My dad never could have met my expectation because he did not know it existed. He was one of the most loving, caring, and kind men I have ever known. He never would have intentionally hurt me, but my 9-year-old brain didn’t really understand life for what it was.

Years passed, and even though I had a good relationship with my dad that little seed festered in my heart. It grew into, as the Bible puts it, a root of bitterness. I heaped other disappointments up on top of it. I kept score. And, while I loved my dad very much, attitudes of resentment and even rebellion began growing in my heart.

When I was twelve, we moved to Billings, MT where my dad became the pastor of a church that was about to close its doors. For the first few months, we lived in an RV behind the church. IT WAS COLD!!!!! Do you know how cold it can get in a trailer when it’s 20 below? Let me tell you, it’s C-O-L-D!

In the spring, we moved a mobile home onto a piece of property outside of town. That summer on those 80 acres, I fell in love with Montana. We didn’t get to live there long before we had to move back into town, but I memorized just about every inch of that land. And talk about treasures! Someone had used part of the land as their own little landfill—a long time ago. I found antique medicine bottles, an old purse, junk I didn’t recognize—all kinds of things to stir up the interest of an imaginative 13-year-old.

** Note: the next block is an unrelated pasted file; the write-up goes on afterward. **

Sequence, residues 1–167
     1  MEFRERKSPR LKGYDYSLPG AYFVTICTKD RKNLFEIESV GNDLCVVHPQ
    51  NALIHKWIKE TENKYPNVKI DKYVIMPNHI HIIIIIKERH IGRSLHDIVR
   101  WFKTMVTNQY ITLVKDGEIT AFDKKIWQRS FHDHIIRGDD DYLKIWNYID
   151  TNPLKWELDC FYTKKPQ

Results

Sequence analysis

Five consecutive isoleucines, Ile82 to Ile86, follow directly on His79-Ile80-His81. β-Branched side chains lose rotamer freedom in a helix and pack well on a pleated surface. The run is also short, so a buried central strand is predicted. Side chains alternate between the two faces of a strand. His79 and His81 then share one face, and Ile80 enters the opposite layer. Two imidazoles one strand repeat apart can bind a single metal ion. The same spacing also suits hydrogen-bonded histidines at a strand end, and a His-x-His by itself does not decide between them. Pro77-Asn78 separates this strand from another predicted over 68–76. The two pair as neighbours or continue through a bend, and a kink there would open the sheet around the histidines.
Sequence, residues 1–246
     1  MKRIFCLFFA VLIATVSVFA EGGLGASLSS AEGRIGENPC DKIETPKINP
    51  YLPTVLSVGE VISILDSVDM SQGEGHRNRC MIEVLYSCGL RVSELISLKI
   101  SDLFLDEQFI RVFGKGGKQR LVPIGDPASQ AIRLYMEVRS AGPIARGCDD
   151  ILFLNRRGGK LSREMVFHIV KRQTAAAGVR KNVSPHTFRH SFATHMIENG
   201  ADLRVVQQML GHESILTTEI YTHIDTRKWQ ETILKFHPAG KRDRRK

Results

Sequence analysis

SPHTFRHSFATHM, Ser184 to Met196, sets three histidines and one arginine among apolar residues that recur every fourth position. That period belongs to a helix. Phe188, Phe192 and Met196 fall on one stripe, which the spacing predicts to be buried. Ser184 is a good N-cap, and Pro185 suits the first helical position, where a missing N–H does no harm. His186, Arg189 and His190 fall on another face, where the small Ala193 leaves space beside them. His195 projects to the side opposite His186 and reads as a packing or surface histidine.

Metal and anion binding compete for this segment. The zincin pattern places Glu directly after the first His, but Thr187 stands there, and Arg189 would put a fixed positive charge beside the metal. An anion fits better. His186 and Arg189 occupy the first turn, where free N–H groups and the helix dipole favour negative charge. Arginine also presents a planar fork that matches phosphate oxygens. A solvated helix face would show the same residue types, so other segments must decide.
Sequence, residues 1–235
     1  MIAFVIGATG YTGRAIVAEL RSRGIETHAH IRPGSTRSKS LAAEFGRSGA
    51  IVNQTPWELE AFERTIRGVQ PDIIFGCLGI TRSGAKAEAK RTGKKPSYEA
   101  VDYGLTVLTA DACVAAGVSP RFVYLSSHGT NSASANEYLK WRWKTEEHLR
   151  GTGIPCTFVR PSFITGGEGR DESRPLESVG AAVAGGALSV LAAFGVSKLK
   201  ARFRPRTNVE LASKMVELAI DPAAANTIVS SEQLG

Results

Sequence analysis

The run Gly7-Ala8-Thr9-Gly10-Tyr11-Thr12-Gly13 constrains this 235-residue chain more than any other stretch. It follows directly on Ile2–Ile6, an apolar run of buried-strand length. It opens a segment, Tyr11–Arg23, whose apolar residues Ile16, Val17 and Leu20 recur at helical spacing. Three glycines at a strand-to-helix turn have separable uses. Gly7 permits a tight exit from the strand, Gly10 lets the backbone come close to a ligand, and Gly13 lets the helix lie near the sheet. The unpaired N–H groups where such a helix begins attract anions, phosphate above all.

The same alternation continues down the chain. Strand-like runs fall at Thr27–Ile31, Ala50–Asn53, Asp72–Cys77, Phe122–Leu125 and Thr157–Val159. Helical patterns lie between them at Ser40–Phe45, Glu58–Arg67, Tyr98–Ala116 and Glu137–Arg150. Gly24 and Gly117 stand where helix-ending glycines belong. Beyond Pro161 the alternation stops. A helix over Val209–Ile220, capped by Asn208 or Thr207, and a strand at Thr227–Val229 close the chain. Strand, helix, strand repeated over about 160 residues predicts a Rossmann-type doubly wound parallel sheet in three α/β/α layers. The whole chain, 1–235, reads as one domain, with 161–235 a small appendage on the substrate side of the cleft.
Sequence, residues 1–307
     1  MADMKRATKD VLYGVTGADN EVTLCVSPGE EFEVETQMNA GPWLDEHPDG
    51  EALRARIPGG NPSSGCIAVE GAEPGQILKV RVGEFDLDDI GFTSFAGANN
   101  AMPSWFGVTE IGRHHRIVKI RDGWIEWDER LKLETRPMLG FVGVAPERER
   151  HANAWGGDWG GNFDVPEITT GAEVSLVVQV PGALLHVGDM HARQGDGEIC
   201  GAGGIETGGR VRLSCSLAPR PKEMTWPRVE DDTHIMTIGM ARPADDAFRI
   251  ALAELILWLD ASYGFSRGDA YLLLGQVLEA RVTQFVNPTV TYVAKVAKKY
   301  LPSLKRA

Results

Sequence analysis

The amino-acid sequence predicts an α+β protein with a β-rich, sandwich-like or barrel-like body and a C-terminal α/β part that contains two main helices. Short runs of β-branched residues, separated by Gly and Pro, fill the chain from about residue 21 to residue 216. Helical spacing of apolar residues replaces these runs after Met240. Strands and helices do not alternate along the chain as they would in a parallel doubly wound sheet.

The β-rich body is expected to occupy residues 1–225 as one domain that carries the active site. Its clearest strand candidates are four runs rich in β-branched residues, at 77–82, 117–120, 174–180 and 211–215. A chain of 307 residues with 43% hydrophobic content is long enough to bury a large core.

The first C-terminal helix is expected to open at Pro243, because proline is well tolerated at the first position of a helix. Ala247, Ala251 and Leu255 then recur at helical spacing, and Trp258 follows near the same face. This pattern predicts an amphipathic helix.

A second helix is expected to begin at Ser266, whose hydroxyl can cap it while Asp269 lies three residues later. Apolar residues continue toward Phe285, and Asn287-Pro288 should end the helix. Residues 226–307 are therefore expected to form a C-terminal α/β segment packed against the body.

That winter we went to a special meeting where the speaker talked about forgiveness. It wasn’t until that night that I realized that I had a very unforgiving heart toward my dad. I really don’t remember anything the speaker said. I just remember the ugliness that God revealed in my heart. I confessed it to God, and found a new freedom in my relationship with Dad in the days to come. But I never told anyone about what had happened, at least not for a long time. Instead…

I started writing a story. I didn’t want others to have the hurt of bitterness in their lives. I didn’t want it to destroy their relationships like it could have destroyed mine. I don’t know if most 14-year-olds think this way or not, but I did. So, in our little space of prairie “Barren Fields, Fruitful Gardens” and Marc and Jess and Jon and the whole Bennett family were born.

Obviously, the story doesn’t end there because it took me 26 years to get to this point! But I believe there were still things I needed to learn. Some of them you will see in this book, some of them don’t come out until the next book, or even the one after that. But Winter’s Prey is the beginning, and I hope it will do just what that 14-year-old girl—cuddled up on her bed with pen and notebook in hand and the relentless Montana winds beating and whirling about her mobile home—hoped it would do. I hope that it will bless. I hope that it will encourage. I hope that it will stir each of us to love when others are not lovely, to forgive when others seem unforgivable, to extend grace where judgment is more desirable, and to value our relationships with each of our family members to such an extent that we will work to make them what they ought to be.

I hope you enjoy Winter’s Prey and that it will bless many for years to come.